How photography is bringing justice to war-torn Colombia

It’s not straightforward for most individuals to take into consideration what peace and justice mean to them, or how to categorical it. However that’s what we ask individuals in war-torn communities to do, all world wide.

One place we did this is in Colombia, a rustic now testing out peace after greater than 50 years of war between left-wing guerrillas and right-wing paramilitaries, and authorities forces.

We requested individuals in two villages, San José de Urama and Las Cruces within the nation’s northwest, to take into consideration what they regarded for as indicators of justice and coexistence of their communities, what we name “everyday peace indicators.”

By means of workshops utilizing a analysis methodology referred to as “photovoice,” a gaggle of the villagers selected a few of these on a regular basis indicators of justice and coexistence to {photograph}. They then created and displayed private and group photograph tales as a part of an open-air group exhibition.


We discovered that these communities needed to use photography not solely to doc the aftermath of battle and violence, but additionally to actively assist peace.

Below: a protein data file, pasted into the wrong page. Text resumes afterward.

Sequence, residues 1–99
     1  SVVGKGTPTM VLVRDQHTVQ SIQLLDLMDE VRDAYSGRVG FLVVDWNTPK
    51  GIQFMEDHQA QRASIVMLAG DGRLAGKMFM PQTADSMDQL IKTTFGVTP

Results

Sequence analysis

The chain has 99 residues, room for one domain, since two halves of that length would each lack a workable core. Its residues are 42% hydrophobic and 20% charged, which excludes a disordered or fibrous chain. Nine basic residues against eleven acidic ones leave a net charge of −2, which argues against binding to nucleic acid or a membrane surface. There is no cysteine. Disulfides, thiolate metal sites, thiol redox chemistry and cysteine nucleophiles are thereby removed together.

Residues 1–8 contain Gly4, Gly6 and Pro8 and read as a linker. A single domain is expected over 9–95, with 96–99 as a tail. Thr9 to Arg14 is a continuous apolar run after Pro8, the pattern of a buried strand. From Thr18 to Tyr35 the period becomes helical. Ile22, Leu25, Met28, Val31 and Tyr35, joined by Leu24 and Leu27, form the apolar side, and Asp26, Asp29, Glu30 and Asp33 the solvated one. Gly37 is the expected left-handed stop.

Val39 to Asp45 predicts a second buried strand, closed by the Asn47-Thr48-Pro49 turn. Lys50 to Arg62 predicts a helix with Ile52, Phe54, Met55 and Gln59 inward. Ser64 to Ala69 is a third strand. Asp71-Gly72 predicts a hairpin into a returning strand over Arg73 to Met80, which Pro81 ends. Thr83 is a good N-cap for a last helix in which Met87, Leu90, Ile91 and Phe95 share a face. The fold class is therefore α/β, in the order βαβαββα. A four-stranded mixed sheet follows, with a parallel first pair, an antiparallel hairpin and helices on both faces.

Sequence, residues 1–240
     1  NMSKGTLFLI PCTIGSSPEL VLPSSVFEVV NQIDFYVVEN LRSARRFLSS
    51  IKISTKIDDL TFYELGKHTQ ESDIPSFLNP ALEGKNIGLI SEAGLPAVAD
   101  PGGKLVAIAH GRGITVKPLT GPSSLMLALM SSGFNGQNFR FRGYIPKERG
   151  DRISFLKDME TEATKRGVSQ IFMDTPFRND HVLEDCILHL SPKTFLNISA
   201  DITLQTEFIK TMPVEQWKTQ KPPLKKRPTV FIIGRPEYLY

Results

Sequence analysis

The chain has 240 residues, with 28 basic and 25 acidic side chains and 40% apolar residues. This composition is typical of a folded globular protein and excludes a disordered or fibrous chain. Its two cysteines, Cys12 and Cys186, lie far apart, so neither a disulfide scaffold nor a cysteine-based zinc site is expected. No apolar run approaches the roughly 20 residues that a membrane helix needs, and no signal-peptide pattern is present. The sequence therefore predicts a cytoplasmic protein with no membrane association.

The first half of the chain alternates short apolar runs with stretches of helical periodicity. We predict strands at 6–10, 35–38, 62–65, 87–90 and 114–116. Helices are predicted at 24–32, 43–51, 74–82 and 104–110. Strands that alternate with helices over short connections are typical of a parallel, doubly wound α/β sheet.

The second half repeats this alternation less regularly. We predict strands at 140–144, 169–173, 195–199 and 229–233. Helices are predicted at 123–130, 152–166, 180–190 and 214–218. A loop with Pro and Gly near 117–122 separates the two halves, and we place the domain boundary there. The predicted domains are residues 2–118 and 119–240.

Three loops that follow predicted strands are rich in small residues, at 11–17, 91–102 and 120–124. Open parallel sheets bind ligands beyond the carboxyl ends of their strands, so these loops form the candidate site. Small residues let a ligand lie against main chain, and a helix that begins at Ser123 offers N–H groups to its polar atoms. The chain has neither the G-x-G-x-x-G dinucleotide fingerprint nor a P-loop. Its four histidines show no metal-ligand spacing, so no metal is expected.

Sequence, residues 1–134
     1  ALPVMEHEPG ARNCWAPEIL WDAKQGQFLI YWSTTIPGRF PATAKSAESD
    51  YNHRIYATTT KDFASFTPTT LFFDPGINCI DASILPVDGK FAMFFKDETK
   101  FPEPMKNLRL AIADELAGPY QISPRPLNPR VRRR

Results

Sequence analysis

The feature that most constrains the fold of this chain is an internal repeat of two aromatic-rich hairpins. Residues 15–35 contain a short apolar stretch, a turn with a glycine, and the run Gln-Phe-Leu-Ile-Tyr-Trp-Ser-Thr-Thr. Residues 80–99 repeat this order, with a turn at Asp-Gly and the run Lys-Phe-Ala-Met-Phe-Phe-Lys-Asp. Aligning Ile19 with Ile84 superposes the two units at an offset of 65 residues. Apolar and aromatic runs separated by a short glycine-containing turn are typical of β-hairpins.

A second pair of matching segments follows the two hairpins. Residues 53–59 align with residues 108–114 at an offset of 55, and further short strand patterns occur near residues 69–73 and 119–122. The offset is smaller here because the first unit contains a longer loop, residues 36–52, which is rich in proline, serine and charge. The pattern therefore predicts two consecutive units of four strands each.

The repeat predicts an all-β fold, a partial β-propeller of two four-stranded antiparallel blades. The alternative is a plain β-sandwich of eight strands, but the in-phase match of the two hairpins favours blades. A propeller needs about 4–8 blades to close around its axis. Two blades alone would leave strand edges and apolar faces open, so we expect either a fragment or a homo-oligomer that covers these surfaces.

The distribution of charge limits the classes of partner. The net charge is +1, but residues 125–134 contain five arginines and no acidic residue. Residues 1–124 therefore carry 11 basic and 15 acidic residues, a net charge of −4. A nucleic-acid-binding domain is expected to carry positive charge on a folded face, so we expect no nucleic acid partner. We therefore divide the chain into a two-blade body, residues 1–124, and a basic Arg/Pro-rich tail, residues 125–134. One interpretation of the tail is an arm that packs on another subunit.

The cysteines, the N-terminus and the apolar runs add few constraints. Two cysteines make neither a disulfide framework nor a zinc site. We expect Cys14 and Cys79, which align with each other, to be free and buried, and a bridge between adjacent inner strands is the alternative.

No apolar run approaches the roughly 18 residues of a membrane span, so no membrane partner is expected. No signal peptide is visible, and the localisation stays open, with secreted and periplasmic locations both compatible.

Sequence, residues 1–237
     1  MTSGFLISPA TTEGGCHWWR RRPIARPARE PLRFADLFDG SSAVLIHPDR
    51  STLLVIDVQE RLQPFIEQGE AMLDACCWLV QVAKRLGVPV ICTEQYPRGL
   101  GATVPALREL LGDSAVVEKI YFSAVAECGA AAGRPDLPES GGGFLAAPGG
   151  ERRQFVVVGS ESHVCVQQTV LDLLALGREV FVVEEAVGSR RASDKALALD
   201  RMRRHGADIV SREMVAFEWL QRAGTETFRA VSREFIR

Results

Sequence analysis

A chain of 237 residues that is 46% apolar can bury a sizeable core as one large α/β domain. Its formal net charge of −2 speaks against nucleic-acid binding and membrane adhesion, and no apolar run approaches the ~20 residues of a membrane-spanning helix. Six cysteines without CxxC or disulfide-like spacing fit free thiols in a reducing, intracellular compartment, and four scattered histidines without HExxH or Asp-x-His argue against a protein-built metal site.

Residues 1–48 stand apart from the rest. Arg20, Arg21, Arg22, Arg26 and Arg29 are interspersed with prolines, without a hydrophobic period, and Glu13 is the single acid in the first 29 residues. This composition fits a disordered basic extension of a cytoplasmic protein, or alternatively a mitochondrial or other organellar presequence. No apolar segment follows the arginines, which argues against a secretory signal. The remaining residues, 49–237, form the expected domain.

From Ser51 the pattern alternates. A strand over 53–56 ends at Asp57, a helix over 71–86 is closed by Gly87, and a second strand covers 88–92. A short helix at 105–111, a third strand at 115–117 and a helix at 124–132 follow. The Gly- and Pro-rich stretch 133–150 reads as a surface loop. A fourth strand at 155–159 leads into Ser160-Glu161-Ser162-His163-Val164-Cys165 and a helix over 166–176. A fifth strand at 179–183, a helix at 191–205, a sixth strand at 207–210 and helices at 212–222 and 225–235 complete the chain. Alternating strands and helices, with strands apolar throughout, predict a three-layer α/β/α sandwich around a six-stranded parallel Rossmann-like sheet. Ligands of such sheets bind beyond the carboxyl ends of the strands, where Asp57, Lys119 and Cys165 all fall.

Photograph tales about justice and coexistence

In San José de Urama, individuals searching for indicators of justice of their group needed to see armed teams and the federal government telling the reality concerning the battle, and former guerrillas constructing households. They needed to see the reality bringing peace of thoughts, relaxation, and reparations for the victims, and an finish to the violence.

Ex-guerrillas construct households: ‘All there is to say is that they’re there, residing amongst us; they rebuilt their households and so they’re serving to to remodel the group.’ [Photo: Yesica Alejandra Zapata David/CC BY-ND]

For Francy Yulieth Manco Ferraro, an 18-year-old photographer from San José de Urama, a key aspect of coexistence in her group is the chance to be out of her home at any time. About this photo, she wrote, “In a world filled with doubt and uncertainty, we could be calm within the data that, after we exit to the streets or to our land, we is not going to hear the terrifying sound of weapons; we shall be in a position to exit freely, to work our land, to harvest our harvest, with out concern.”

Folks could be on the street at any hour. [Photo: Francy Yulieth Manco Ferraro/CC BY-ND]